Spotlighting the Souther-Hillman-Furay Band
Today’s the birthday of Richie Furay, but rather than celebrate by looking back at his work with Buffalo Springfield or Poco, we thought we’d dig a little bit deeper and delve instead into the two albums he did in the mid-1970s with Chris Hillman and J.D. Souther.
When Furay departed the ranks of Poco after the release of 1973’s Crazy Eyes album, he didn’t have to worry about embarking on a solo career right off the bat, thanks to good ol’ David Geffen coming up with the idea to team him with Hillman, who’d just come off playing with Stephen Stills’ Manassas, and Souther, whose street cred was just starting to go through the roof, thanks to having once been part of a duo called Longbranch Pennywhistle with Glenn Frey. Of course, Souther went on to co-write some of the Eagles’ biggest hits with Frey and Don Henley, but that’s a story for another time. Or maybe not.
The Souther-Hillman-Furay Band – which also featured former Manassas members Paul Harris (piano), Joe Lala (percussion), and Al Perkins (pedal steel guitar), along with session drummer Jim Gordon – released their self-titled debut in 1974, which went gold and earned the band a top-40 single with “Fallin’ in Love,” which hit #27. It also featured two more songs Furay had written: “Believe Me” and “The Flight of the Dove,” the former having been rescued from the sessions for Poco’s Crazy Eyes.
Unfortunately, you can’t say there wasn’t truth in advertising with the title of their second and final album, 1975’s Trouble in Paradise. It’s mildly surprising that it was ever completed, as the big three of the band weren’t really getting along, reportedly at least in part due to Furay’s decision to convert to evangelical Christianity. Per Furay’s website, “Each member was already moving on with different parts of their lives. Richie specifically befriended Al Perkins, a born again believer, and Richie soon began a personal relationship with Jesus.” (If the reports are true that Hillman and Souther countered Furay’s conversation by founding a “Heathen Defense League,” you can kind of understand why there was tension in the ranks.) In a 1998 interview with Goldmine, Souther summed up his time with the band by saying, “I’m not a great team player under those circumstances,” with journalist Debbie Kruger describing Souther’s feelings toward the Souther-Hillman-Furay Band as “an experience he so despised that he forced its demise through his own hostility.” Yikes.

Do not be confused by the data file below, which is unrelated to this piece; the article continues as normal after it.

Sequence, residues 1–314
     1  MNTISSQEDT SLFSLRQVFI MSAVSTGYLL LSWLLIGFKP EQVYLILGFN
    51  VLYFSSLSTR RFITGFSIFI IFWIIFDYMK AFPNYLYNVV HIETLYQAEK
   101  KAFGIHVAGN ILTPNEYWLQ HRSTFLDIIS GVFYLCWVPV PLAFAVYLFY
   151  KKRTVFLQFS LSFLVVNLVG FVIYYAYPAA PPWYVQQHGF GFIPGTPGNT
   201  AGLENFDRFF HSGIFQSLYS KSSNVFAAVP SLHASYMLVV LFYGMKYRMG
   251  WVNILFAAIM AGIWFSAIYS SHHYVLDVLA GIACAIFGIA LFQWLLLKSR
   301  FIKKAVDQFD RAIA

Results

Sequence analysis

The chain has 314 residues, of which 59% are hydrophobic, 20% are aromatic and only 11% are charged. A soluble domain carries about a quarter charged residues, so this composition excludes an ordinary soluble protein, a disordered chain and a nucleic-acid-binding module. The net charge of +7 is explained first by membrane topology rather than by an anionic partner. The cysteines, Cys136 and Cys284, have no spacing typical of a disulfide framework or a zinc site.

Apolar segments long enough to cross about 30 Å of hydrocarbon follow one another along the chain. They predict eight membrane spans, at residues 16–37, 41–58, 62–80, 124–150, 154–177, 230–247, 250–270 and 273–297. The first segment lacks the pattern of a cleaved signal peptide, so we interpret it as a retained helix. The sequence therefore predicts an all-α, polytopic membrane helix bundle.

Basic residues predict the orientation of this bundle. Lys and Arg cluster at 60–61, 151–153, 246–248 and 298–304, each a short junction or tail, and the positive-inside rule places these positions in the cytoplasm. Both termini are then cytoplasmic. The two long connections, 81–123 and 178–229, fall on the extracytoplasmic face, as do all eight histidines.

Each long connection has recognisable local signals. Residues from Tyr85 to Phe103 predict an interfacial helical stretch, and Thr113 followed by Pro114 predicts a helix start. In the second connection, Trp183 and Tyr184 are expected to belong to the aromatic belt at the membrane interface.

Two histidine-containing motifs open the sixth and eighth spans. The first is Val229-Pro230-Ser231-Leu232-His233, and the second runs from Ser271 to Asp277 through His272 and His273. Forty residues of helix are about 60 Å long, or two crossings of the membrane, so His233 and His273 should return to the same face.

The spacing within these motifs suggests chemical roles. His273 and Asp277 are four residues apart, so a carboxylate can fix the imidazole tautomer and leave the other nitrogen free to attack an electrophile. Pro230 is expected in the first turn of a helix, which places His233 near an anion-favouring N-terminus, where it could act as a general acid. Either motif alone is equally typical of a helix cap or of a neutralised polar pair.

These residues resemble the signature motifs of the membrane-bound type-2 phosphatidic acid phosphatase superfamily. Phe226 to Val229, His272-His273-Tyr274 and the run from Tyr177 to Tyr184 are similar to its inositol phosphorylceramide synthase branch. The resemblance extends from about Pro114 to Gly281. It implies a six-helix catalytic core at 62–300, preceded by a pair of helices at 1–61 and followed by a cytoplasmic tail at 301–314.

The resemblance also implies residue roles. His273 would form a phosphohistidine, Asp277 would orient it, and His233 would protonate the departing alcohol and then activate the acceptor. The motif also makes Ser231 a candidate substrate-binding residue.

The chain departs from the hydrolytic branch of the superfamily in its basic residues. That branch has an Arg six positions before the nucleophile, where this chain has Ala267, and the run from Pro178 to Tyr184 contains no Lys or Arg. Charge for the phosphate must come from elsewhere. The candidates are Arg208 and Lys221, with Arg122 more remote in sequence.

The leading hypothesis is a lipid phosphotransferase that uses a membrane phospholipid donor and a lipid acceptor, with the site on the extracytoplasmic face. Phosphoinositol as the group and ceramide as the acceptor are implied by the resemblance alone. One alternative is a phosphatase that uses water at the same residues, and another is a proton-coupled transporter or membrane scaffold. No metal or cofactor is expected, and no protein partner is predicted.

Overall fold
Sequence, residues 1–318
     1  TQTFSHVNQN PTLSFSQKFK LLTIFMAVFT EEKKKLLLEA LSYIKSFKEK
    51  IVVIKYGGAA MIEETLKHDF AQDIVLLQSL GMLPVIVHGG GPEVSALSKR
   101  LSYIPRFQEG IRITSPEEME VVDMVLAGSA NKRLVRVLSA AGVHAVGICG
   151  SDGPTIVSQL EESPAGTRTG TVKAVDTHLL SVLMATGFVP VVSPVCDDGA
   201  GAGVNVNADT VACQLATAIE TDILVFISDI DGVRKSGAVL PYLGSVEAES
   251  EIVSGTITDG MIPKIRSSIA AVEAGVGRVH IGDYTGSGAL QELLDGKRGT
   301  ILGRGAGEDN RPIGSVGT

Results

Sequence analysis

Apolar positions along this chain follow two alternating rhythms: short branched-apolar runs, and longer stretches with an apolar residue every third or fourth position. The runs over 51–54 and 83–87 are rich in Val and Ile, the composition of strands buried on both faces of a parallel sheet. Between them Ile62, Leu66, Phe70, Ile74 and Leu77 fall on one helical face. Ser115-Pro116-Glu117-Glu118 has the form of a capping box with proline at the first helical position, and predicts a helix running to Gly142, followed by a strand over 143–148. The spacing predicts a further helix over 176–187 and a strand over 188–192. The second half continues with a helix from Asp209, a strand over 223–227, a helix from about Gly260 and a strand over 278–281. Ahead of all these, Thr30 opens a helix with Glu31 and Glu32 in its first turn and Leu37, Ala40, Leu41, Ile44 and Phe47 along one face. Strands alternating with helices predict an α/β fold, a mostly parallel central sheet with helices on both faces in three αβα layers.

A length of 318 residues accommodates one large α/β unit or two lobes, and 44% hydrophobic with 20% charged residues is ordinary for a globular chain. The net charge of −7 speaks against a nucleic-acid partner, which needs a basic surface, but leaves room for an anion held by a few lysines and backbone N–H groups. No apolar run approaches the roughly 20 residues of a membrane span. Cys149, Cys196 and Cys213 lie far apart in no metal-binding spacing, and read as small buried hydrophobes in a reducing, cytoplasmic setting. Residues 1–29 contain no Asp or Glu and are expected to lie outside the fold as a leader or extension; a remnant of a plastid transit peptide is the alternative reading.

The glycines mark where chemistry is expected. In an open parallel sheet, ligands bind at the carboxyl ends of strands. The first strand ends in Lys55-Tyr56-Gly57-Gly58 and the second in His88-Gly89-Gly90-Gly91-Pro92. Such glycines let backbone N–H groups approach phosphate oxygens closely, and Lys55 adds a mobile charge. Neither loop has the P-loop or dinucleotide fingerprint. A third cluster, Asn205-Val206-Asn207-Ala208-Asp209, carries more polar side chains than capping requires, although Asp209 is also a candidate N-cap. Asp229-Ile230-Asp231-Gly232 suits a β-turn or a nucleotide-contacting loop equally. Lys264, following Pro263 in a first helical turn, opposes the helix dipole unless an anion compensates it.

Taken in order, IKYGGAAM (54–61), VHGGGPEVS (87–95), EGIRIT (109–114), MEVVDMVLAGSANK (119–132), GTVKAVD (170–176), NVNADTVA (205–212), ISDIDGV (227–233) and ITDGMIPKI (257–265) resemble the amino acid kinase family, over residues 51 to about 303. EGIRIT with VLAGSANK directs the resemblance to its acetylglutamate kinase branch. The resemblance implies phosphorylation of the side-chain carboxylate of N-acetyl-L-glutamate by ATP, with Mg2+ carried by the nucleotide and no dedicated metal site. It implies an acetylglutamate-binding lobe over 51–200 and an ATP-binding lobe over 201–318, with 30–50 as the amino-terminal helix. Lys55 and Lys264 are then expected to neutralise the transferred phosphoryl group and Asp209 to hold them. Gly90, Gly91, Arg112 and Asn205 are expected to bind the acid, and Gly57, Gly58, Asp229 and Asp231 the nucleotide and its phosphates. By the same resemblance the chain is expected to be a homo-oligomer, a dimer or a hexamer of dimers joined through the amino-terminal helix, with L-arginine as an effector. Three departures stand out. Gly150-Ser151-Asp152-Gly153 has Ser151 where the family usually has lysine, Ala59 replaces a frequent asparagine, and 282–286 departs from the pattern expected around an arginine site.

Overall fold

Thankfully, it sounds like all three of them have mellowed at least a bit since then: in an April 2014 with The Bluegrass Situation, Hillman said that the threesome “actually sat down together not long ago, and I don't who it was – maybe Richie's manager – suggested we put it back together and go out on the road together. Playing, not recording, but maybe a short tour opening for someone else perhaps.” Mind you, Hillman’s not committing to any such thing quite yet, at least partially because he needs to go back and listen to the material again (“I love everybody’s individual songs, but I don’t know if I liked what we did together”), but he made a point of calling his two former bandmates “incredible musicians,” adding that “Richie is one of the great entertainers and Souther is one of the better songwriters.”
How do the Souther-Hillman-Furay Band’s two albums hold up? Fortunately for you, we’ve put both of ‘em into a single playlist, so you can find out for yourself!